This week’s National Nutritional Month #MeatlessMonday recipe is perfect for the first day of spring! One of our most popular recipes, this dish uses fresh vegetables, black-eyed peas, and a light sauce to make a refreshing, tasty salad that can be easily customized with other great flavors.
Check out the recipe below, or download your own printable copy here.
March 14, 2017
On a weekly basis, you can find Chef Terah Barrios, Nutrition Educator at Second Harvest, at one of our many partner feeding programs. Chef Terah takes nutrition and cooking education out to the community where hungry families are being served.
What kind of work are you doing with the partner feeding programs?
I get the opportunity to work with families, single adults, seniors and just about anyone who is served through our partner feeding programs. I take nutrition and cooking education to clients while food is being distributed in their communities. I often share recipes utilizing fresh produce or items that Second Harvest has in abundance. Along with the recipe, I give clients a sample that they can taste.
Many of the clients served have diet-related health issues, such as diabetes, high blood pressure and obesity. For this reason, I also share diet-related health information. I get to personally speak with many individuals while they wait for food. I hear their stories, their challenges and even their successes as many of them are returning for food. Read More …March 13, 2017
We’ve hit week 2 of National Nutrition Month, and the Nutrition Team over at Second Harvest are back with another great Meatless Monday recipe.
Whether you have it as a side or as a full dish, this Asian Slaw recipe is both delicious and nutritious. This recipe has a lot of great crunch and flavor, and is a perfect next-day-meal that can be tossed with your favorite protein.
Check it out below, or download and print your own copy here.
March 6, 2017
March is National Nutrition Month, and we are celebrating by sharing great recipes every week.
Check out Week 1’s recipe from our nutrition team, Summer Bean Salad, for a healthy and inexpensive meal for Monday or any day of the week.
A strong misconception is that eating flavorful and nutritious food will break the bank. That doesn’t have to be true. Below you will find a few tips that can help you savor the flavor of nutritious food, while eating healthy on a budget.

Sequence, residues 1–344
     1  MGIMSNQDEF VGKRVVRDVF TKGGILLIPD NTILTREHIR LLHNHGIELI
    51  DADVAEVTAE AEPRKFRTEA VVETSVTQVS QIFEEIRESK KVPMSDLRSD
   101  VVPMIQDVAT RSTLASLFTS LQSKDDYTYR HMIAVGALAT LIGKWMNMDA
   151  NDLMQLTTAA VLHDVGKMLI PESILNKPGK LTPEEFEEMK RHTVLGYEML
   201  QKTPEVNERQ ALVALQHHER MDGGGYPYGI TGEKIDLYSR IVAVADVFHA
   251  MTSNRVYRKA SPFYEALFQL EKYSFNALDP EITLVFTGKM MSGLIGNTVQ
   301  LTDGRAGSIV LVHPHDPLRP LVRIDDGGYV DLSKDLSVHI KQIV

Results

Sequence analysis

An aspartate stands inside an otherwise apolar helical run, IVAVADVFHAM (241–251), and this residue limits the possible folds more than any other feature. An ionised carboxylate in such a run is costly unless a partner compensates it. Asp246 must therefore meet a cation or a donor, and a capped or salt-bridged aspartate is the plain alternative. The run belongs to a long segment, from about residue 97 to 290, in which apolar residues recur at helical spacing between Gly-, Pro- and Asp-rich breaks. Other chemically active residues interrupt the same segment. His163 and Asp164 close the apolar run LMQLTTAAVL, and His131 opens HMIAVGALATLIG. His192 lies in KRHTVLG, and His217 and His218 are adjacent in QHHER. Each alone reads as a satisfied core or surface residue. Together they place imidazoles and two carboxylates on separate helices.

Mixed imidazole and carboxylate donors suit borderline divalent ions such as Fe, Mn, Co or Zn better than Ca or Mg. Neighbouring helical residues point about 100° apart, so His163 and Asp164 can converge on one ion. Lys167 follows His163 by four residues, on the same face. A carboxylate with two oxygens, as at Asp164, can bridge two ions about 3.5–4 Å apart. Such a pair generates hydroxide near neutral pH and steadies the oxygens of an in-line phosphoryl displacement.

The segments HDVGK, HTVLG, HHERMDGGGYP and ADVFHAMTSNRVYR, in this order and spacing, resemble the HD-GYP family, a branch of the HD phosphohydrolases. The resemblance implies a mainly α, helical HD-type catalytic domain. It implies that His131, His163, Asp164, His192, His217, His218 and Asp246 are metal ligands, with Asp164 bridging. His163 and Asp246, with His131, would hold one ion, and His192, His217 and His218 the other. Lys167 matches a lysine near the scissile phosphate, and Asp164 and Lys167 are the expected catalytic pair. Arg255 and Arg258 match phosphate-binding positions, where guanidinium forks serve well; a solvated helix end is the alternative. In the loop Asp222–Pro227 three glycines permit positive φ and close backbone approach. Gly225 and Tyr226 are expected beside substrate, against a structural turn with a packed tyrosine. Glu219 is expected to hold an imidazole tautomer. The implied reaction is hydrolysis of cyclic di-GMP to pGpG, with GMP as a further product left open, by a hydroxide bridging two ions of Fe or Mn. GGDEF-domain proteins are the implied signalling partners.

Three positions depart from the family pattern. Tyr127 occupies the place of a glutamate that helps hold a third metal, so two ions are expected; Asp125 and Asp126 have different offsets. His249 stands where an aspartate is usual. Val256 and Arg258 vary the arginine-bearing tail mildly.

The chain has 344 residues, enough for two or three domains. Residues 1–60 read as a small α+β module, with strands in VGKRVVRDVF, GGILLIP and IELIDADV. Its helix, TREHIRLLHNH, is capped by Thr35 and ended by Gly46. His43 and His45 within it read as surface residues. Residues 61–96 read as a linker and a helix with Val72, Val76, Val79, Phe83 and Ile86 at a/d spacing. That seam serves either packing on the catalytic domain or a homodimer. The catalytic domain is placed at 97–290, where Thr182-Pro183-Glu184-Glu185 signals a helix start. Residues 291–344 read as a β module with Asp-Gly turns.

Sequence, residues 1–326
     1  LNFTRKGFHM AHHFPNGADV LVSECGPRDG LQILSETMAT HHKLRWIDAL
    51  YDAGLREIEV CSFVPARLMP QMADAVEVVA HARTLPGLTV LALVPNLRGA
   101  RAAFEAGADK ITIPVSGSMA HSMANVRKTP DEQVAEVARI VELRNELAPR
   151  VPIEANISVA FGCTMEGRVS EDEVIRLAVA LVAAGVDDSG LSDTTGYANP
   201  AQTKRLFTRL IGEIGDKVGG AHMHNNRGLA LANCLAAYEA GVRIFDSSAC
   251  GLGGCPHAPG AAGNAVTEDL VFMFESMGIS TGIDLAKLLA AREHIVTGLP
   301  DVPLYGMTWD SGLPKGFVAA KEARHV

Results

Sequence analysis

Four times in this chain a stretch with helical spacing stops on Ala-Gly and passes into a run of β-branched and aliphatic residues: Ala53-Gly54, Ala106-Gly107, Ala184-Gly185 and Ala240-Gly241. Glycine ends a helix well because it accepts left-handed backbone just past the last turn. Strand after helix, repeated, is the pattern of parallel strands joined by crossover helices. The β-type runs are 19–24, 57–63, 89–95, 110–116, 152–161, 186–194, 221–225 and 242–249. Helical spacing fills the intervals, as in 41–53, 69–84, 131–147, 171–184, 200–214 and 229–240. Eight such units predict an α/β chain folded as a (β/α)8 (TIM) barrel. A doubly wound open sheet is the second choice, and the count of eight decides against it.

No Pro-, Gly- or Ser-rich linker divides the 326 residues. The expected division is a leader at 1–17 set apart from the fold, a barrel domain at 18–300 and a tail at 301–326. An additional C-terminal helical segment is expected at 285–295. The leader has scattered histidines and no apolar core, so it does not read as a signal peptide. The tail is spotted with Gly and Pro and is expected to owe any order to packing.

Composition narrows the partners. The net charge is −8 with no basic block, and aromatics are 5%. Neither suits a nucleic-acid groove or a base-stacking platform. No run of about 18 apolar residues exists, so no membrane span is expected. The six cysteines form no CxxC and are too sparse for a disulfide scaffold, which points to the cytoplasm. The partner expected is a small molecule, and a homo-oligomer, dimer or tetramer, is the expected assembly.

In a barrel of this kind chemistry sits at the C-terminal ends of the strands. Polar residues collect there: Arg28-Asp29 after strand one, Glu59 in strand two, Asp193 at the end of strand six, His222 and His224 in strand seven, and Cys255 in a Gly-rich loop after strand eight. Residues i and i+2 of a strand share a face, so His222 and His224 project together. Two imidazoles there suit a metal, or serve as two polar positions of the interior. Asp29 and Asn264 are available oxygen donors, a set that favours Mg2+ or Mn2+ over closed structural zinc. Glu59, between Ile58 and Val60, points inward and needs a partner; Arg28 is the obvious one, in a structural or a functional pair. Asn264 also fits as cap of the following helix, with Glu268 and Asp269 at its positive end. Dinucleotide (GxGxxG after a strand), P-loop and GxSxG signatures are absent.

1) Planning is a very important step in eating healthy on a budget. Start planning your meals for the week on a Sunday or Monday. Check local ads for weekly promotions like buy one get one free items. Also look for coupons for your favorite pantry staples. Consider using these items to create a plan or calendar of meal ideas for breakfast, lunch, dinner and snack(s).
2) Buy fresh fruits and vegetables while they are in season or on sale. If you don’t eat them right away, freeze them. Fresh, frozen or canned fruits and vegetables can be used in a variety of ways—the more you consume, the better! When selecting canned fruit, choose fruit that is canned in its own juice or light syrup. When choosing canned vegetables, choose vegetables that are canned with no added salt or low-sodium.
The beverages you choose play a bigger impact on your health than you may think. Consuming large amounts of sugary beverages may increase your chances of diabetes, heart disease, and obesity.
Sugary beverages contain added sugar. Added sugars are considered “empty calories” because they have no nutritional value, yet they provide calories.
The American Heart Association recommends women limit their consumption of added sugars to less than 6 teaspoons a day. For men, they recommend limiting consumption of added sugar to less than 9 teaspoons a day. Added sugar consumption for children should be limited to no more than 4 teaspoons a day. Keep in mind that one teaspoon of granulated sugar equals 4 grams of sugar.
To put things in perspective, let’s take a look at how much sugar is in popular beverages.
- Soda (20 fl.oz.) – 65 grams of sugar or 16 teaspoons of sugar
- Sports Drink(24 fl.oz.) – 42 grams of sugar or 11 teaspoons of sugar
- 100% Orange Juice (15 fl.oz.) – 45 grams of sugar or 11 teaspoons of sugar
- 100% Apple Juice (15 fl.oz.) – 49 grams of sugar or 12 teaspoons of sugar